Kate Middleton Just Rewore Her Zara Blazer From 2012
She expressed her gratitude in a special video message released by Kensington Palace.
With her Hold Still photography project coming to a close, Kate Middleton is thanking everyone who submitted a portrait for the digital exhibition capturing people's lives during the coronavirus pandemic. While expressing her gratitude to participants in a heartfelt video message posted to Instagram on Saturday, the Duchess of Cambridge wore a strong-shouldered blazer in an uplifting shade of red — a cheerful choice as the U.K. enters another week in its second nationwide lockdown.
“I just wanted to say a huge thank you to everyone who submitted an image to Hold Still," said Kate, who paired her bold jacket with a fresh blowout and gold charm necklace. "I launched the project with the National Portrait Gallery back in May because I wanted to find a way to allow everyone to share their stories and experiences of lockdown."
She continued, “We have been thrilled by the response to the project and I couldn’t be more grateful to each and every one of the 31,000 people who submitted an image. It was so hard to select the final 100 photographs, but we hope we have created a collective portrait of our nation, reflecting on what others have experienced as well as our own journeys through this difficult time."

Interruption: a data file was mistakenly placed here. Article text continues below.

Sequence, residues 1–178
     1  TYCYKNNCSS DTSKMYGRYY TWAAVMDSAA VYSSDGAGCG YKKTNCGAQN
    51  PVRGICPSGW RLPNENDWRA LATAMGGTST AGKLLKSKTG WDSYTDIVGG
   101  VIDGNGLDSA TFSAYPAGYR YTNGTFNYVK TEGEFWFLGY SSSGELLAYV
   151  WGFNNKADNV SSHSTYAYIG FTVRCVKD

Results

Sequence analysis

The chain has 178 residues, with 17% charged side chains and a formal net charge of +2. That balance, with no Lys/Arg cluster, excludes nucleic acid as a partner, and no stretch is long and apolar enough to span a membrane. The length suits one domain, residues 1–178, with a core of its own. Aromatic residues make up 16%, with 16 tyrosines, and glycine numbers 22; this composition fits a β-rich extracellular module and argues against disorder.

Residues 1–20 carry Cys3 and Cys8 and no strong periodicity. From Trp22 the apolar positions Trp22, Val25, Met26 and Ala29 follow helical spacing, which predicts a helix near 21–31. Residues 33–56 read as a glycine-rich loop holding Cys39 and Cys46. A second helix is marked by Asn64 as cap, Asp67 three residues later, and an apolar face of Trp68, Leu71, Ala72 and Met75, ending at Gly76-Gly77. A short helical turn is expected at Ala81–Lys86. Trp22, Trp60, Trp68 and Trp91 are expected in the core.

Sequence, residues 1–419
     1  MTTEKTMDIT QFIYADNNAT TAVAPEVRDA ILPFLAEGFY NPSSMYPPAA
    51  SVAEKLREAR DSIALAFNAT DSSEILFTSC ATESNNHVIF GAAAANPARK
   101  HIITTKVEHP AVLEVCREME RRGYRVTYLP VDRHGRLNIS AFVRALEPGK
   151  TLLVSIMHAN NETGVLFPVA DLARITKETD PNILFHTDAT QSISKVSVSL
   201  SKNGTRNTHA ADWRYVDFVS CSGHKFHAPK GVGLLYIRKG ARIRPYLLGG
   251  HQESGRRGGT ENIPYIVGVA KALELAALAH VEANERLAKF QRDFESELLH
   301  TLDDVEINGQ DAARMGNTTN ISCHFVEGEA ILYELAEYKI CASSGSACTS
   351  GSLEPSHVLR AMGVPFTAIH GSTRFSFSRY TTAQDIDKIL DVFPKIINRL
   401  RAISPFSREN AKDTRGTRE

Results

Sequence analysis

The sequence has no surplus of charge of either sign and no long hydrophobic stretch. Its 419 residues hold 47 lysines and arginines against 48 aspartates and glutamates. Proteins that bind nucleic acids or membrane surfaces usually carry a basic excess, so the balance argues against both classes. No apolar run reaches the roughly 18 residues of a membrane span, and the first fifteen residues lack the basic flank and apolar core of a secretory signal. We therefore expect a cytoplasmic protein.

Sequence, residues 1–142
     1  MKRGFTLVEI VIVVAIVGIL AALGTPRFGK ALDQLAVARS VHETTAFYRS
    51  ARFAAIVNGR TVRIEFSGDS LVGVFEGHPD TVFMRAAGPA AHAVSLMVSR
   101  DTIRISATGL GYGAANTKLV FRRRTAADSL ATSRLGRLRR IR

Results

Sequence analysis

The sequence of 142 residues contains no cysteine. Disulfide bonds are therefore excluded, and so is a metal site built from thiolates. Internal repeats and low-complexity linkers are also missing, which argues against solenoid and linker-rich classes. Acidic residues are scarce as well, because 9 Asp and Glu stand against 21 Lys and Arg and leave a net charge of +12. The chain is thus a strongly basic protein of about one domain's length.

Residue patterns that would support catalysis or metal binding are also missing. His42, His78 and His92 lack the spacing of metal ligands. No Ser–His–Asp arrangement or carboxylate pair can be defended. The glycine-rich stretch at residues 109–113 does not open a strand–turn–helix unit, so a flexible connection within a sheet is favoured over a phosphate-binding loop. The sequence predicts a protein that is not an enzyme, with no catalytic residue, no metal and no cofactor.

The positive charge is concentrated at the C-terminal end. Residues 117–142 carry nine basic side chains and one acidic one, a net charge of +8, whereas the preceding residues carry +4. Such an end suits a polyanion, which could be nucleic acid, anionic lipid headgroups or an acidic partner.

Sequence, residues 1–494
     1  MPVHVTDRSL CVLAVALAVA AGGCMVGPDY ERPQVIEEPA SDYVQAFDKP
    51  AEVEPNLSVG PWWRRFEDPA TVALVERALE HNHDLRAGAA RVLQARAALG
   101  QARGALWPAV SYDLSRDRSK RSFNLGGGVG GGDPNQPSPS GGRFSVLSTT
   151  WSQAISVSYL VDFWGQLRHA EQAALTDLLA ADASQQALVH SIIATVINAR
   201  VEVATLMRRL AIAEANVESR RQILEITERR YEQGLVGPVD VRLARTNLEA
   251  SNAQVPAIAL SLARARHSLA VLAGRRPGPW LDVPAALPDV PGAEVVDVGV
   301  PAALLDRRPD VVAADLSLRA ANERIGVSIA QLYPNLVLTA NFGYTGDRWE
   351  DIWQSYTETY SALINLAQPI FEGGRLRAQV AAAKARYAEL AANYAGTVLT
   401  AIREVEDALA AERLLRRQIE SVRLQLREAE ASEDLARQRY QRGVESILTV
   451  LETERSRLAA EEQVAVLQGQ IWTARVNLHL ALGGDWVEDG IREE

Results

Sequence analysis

According to Instagram account @katemiddleton1, the blazer is a 2012 rewear from Zara. She originally wore it to the Olympics that year.
The project has proved to be a success, with more than 5.2 million page views of the virtual exhibition on the National Portrait Gallery's website. Meanwhile, the final selections were displayed on billboards and buildings in 80 cities in the U.K — including a mural in Manchester of a frontline nurse, Melanie, who worked to set up a COVID clinic in London.
“It has been fantastic to see these portraits on billboards and outdoor poster sites across the country as part of our community exhibition, and I’m hugely grateful to all our partners for helping us take the images back to the people and communities who took them," Kate added. “For me, the most powerful part of the project is that it has shown just how much people and communities have come together and how important we all are to each other. Thank you so much for being part of Hold Still and for sharing your stories with the nation."